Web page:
Experimental & molecular medicine

Anti-inflammatory activity of compounds isolated from Astragalus sinicus L. in cytokine-induced keratinocytes and skin.

PMID 24651533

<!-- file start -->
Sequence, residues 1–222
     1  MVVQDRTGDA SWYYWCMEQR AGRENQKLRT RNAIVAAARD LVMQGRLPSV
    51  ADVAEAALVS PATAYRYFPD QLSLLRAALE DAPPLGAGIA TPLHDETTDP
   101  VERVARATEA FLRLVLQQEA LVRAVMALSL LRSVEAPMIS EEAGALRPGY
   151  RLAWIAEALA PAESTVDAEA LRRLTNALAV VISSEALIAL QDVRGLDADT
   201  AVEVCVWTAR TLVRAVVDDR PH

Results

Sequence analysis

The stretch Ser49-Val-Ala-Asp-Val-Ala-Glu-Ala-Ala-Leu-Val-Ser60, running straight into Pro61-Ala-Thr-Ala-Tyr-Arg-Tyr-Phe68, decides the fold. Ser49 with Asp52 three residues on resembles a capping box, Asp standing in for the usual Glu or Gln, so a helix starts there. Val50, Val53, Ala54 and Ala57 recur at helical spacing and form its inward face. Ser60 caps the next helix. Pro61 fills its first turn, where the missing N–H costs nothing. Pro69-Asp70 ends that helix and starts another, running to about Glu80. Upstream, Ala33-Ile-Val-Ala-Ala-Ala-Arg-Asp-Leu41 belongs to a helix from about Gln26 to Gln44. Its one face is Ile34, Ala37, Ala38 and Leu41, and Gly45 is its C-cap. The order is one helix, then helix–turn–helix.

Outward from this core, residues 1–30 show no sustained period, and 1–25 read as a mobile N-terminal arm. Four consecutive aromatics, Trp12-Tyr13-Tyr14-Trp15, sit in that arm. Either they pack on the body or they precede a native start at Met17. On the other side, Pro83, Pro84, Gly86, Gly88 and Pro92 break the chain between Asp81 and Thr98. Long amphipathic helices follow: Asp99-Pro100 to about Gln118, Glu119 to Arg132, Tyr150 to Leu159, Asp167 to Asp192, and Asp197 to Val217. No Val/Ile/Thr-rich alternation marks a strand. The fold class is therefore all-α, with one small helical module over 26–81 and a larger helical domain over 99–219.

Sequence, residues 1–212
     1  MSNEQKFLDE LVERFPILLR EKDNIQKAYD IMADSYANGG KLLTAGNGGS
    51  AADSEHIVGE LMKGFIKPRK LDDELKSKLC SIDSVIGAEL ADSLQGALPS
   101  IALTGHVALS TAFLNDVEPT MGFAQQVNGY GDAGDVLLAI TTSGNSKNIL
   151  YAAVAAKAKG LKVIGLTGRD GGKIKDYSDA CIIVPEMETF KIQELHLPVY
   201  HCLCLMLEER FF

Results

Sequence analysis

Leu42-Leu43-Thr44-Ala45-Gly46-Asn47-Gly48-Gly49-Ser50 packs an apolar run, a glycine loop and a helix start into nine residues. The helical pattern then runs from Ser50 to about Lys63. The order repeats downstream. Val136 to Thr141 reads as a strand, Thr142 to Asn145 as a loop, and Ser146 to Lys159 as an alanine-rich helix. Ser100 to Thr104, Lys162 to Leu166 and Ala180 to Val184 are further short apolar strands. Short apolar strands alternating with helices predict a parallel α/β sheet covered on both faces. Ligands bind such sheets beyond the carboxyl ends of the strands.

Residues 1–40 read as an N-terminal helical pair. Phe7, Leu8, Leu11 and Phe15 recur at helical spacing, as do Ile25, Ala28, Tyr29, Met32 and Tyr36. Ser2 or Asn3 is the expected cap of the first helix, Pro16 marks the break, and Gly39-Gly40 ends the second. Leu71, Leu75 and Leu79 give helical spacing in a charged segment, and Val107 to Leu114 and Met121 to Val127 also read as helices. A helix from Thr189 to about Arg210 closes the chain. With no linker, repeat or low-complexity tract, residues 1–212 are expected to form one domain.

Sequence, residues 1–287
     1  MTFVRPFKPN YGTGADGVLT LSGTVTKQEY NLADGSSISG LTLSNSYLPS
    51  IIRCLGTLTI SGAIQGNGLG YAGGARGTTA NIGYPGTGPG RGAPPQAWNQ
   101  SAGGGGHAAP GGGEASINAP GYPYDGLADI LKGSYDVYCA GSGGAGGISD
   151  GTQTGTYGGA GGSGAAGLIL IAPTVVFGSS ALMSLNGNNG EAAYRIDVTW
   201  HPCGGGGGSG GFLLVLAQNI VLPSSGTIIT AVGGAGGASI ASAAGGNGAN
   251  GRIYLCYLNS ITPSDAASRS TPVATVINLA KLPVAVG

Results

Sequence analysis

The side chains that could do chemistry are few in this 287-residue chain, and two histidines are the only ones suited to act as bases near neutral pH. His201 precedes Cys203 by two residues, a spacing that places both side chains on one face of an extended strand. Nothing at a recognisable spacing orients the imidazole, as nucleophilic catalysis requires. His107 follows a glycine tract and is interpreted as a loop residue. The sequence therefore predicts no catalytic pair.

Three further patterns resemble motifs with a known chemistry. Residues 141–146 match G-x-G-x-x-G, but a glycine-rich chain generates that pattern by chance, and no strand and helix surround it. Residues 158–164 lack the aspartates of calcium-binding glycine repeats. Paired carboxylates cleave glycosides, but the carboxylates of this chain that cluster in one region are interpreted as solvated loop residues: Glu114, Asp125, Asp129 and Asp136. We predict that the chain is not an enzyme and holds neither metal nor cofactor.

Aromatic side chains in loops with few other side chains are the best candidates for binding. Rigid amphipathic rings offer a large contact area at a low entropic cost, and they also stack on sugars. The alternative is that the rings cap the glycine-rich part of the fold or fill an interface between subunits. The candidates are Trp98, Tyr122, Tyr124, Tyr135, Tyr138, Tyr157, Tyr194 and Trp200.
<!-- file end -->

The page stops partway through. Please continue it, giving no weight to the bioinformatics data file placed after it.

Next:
Inflammation is a part of the complex biological responses of a tissue to injury that protect the organ by removing injurious stimuli and initiating the healing process, and is considered as a mechanism of innate immunity. To identify biologically active compounds against pathogenic inflammatory and immune responses, we fractionated water, aqueous methanol and n-hexane layers from nine kinds of leguminosae and examined anti-inflammatory activity of the fractions in human keratinocytes and mouse skin. Among the fractions, rf3 and rf4, isolated from the aqueous methanol layer of Astragalus sinicus L., exhibited the strongest reactive oxygen species (ROS)-scavenging and anti-inflammatory activities as measured by inhibition of the intracellular ROS production, nuclear factor-kappaB (NF-κB), janus kinase (JAK)/signal transducer and activator of transcription (STAT), and phosphatidylinositol 3-kinase/Akt signaling in cytokine-stimulated human keratinocytes, as well as by effects on T-cell differentiation in mouse CD4(+) T cells. In addition, topical application of rf3 and rf4 suppressed the progression of psoriasis-like dermatitis and expression of pro-inflammatory mediators in interleukin (IL)-23-injected mouse ears. Our results suggest that Astragalus sinicus L. may ameliorate chronic inflammatory skin diseases due to its antioxidant and anti-inflammatory activities via regulation of the intracellular ROS production, NF-κB, JAK/STAT and PI3/Akt signaling cascades as well as immune responses, and these results are the first report that Astragalus sinicus L. exhibits pharmacological activity.